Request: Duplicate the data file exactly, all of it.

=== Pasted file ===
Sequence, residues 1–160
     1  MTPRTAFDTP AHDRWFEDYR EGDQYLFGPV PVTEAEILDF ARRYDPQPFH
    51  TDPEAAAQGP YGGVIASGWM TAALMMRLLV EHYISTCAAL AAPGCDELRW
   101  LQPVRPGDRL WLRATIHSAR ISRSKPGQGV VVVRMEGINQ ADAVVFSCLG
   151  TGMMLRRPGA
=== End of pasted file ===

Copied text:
Sequence, residues 1–160
     1  MTPRTAFDTP AHDRWFEDYR EGDQYLFGPV PVTEAEILDF ARRYDPQPFH
    51  TDPEAAAQGP YGGVIASGWM TAALMMRLLV EHYISTCAAL AAPGCDELRW
   101  LQPVRPGDRL WLRATIHSAR ISRSKPGQGV VVVRMEGINQ ADAVVFSCLG
   151  TGMMLRRPGA